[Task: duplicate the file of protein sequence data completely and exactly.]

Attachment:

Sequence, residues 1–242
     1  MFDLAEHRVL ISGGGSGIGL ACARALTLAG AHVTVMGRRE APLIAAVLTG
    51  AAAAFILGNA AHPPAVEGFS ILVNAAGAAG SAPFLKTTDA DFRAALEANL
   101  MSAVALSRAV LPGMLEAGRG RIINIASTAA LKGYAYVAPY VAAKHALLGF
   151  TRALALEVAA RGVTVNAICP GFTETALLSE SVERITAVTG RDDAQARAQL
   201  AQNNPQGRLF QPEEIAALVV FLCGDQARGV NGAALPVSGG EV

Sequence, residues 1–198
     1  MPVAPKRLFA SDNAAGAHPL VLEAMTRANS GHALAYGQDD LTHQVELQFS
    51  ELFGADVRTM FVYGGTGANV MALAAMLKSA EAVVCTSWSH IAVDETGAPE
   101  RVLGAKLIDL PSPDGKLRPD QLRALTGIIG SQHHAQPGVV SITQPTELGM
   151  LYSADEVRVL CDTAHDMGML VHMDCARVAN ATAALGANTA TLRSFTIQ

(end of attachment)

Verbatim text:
Sequence, residues 1–242
     1  MFDLAEHRVL ISGGGSGIGL ACARALTLAG AHVTVMGRRE APLIAAVLTG
    51  AAAAFILGNA AHPPAVEGFS ILVNAAGAAG SAPFLKTTDA DFRAALEANL
   101  MSAVALSRAV LPGMLEAGRG RIINIASTAA LKGYAYVAPY VAAKHALLGF
   151  TRALALEVAA RGVTVNAICP GFTETALLSE SVERITAVTG RDDAQARAQL
   201  AQNNPQGRLF QPEEIAALVV FLCGDQARGV NGAALPVSGG EV

Sequence, residues 1–198
     1  MPVAPKRLFA SDNAAGAHPL VLEAMTRANS GHALAYGQDD LTHQVELQFS
    51  ELFGADVRTM FVYGGTGANV MALAAMLKSA EAVVCTSWSH IAVDETGAPE
   101  RVLGAKLIDL PSPDGKLRPD QLRALTGIIG SQHHAQPGVV SITQPTELGM
   151  LYSADEVRVL CDTAHDMGML VHMDCARVAN ATAALGANTA TLRSFTIQ